This legislative session, Democratic lawmakers wrote and passed Engrossed Substitute Senate Bill 5096, which created a 7% capital gains tax on the sale of assets like stocks valued above $250,000. The tax is estimated to raise about $415 million primarily for child care and early learning - both services that became clearly essential to Washingtonians during the coronavirus pandemic.

    We know that good public schools, beautiful parks, and strong social services make Washington a great place to live. This long-overdue capital gains tax will go towards making sure that all Washingtonians pay their share in taxes and have the opportunity to thrive.

    Vote "Maintained" on State Advisory Vote 37.

    Washingtonians deserve an economy that works for us all. An essential part of that is a balanced tax code where everyone pays their share. Yet, Washington boasts the most upside-down system in the nation, where the state’s lowest-income earners pay 17% of their income in taxes while the wealthiest few pay just 3% of their income.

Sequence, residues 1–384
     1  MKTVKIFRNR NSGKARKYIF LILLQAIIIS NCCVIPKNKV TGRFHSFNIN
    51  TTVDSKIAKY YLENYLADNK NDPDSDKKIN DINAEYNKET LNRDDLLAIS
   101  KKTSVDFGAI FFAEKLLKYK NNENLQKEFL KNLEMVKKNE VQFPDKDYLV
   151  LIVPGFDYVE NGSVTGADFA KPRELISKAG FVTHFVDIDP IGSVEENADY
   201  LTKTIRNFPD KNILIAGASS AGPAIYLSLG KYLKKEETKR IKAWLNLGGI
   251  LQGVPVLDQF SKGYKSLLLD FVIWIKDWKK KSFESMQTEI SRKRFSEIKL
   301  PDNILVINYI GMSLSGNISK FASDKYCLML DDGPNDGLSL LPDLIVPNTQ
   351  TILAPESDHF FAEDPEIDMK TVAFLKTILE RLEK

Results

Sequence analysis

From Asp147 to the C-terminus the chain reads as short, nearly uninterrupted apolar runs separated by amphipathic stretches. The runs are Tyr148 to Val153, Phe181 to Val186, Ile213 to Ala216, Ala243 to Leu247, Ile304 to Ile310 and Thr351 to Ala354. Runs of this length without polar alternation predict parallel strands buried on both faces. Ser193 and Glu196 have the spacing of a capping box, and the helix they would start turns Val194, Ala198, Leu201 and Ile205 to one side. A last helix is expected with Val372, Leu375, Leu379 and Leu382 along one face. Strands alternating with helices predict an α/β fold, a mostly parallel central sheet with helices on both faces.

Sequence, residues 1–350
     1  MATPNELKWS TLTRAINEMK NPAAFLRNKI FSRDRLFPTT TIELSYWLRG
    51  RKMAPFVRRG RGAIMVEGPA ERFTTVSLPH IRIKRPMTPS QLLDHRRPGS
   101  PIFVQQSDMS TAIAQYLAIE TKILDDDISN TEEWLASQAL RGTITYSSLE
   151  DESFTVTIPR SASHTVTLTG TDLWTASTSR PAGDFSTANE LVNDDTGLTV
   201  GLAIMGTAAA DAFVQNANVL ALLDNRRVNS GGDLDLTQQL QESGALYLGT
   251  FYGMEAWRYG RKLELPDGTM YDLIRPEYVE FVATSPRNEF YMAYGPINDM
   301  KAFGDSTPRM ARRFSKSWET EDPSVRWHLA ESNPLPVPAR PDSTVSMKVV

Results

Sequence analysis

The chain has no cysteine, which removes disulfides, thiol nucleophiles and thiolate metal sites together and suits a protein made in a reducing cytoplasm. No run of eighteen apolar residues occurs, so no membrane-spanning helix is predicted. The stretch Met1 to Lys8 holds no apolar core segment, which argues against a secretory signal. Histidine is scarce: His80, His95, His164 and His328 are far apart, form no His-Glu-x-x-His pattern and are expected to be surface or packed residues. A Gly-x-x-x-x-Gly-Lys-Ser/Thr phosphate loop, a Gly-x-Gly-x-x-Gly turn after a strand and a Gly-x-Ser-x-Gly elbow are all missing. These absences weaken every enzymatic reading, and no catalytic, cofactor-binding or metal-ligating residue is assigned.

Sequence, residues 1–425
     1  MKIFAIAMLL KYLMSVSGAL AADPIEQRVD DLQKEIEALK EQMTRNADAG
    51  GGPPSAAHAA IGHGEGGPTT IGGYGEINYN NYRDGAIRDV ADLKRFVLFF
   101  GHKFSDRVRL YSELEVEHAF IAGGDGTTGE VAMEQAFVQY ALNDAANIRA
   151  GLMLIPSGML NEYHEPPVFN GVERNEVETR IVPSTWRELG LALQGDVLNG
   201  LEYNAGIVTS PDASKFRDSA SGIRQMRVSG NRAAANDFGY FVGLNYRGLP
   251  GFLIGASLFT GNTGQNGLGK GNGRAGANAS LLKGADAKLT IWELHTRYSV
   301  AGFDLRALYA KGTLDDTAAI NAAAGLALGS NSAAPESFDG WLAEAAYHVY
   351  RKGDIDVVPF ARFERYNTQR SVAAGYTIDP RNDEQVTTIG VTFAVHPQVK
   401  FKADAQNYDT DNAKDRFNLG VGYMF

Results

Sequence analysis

This legislative session, Democratic lawmakers wrote and passed Engrossed Substitute Senate Bill 5096, which created a 7% capital gains tax on the sale of assets like stocks valued above $250,000. The tax is estimated to raise about $415 million primarily for child care and early learning - both services that became clearly essential to Washingtonians during the coronavirus pandemic.

    We know that good public schools, beautiful parks, and strong social services make Washington a great place to live. This long-overdue capital gains tax will go towards making sure that all Washingtonians pay their share in taxes and have the opportunity to thrive.

    Vote "Maintained" on State Advisory Vote 37.

  • Apoyadas Por: The Stranger
  • VOTO MAINTAINED

    Vote Maintained to close a tax loophole for insurance companies

  • In the most recent legislative session, lawmakers passed Second Substitute Senate Bill 5315, which creates a 2% tax on certain insurance premiums. In effect, the law would close a tax loophole for corporations with their own insurance policies, known as captive insurers, so that all insurance companies pay premiums taxes. It is estimated to generate around $53 million over the next decade.